This is one of those dubious projects with wild claims that triggers a number of red flags. The charging rate for the battery in a phone is set by the charge controller in the phone, not by something outside the phone. The USB device can communicate its power capabilities to the phone, and the phone’s internal charger is able to adjust accordingly.

However, the USB power-delivery protocol is between the charger and the device being charged; something in the middle will not magically create more power. They claim that the device “modifies the D+ and D- to signal your mobile device to charge at the fastest possible setting no matter what USB port you're connected to.” That’s what the USB-compliant power source is supposed to already be doing. When you read the fine print on this crowdfunding campaign, the claims are carefully worded with enough disclaimers to render the title claim of being 92% faster as worthless. However, people read the 40-point title fonts a lot more than the fine print.

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This file type includes high resolution graphics and schematics when applicable.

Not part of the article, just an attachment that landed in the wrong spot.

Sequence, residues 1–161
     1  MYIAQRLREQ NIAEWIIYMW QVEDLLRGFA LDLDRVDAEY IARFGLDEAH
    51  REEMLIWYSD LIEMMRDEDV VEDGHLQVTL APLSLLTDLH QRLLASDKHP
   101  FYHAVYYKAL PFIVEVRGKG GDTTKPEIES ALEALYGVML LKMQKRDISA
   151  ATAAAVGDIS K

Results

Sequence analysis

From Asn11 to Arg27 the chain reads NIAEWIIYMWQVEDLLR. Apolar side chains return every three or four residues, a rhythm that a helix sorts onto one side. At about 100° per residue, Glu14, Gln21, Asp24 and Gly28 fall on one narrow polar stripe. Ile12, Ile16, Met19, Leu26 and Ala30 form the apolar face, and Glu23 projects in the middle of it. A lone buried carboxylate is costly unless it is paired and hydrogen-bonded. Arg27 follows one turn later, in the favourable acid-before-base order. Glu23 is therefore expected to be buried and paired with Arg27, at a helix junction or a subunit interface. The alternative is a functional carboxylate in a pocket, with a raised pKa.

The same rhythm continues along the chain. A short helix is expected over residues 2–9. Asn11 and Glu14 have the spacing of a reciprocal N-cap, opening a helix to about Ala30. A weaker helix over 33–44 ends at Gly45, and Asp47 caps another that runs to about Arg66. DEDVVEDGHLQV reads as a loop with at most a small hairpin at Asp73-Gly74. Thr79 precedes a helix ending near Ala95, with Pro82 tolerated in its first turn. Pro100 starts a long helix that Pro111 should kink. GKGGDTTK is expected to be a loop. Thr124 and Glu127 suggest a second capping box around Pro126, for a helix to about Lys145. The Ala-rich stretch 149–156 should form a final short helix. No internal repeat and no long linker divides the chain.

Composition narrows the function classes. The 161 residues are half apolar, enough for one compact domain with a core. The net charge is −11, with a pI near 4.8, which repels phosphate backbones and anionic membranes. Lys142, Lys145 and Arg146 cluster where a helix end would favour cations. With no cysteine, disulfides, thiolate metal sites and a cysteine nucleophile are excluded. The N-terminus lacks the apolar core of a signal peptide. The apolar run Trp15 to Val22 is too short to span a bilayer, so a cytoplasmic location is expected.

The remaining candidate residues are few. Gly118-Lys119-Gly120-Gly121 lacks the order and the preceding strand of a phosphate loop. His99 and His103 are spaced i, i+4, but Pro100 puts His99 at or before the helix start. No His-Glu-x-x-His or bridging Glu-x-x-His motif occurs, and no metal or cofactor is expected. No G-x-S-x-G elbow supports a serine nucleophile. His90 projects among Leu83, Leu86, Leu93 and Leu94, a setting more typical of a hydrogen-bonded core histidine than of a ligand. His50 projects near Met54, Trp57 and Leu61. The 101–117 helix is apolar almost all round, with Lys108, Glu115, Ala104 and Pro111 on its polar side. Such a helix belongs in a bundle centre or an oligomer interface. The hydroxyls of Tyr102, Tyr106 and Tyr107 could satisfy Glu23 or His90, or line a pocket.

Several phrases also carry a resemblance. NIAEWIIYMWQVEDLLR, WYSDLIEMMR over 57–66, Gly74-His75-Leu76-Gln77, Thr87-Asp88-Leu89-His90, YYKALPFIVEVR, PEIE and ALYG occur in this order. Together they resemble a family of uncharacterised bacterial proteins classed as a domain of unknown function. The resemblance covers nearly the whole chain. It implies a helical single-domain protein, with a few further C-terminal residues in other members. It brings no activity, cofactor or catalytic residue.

So what does all of this have to do with electronics and engineers in general? In order to create, support, and manufacture the countless products that we’re involved in, engineers need to be analytical, quantitative, and have the ability to separate reality from creative fantasy. Both engineers and scientists develop critical thinking skills to deal with unknowns and discern the important items from a flood of irrelevant and unimportant issues. As a community, we can be an advocate for the real, and wave the red flags over the questionable.

Sometimes it just takes a polite question: What are your sources on that? Could you explain how it’s going to work? Do you have any supporting data? Frequently, engineers are unaware that many around them don’t have the analytical skills for which they have trained, or that their scientific literacy has developed well beyond the average person. Consequently, both engineers and scientists can be useful advocates in separating the wheat from the chaff of the information age. Without being confrontational, you can be a skeptic and ask the right questions. Don’t be afraid to do so in a friendly and positive manner.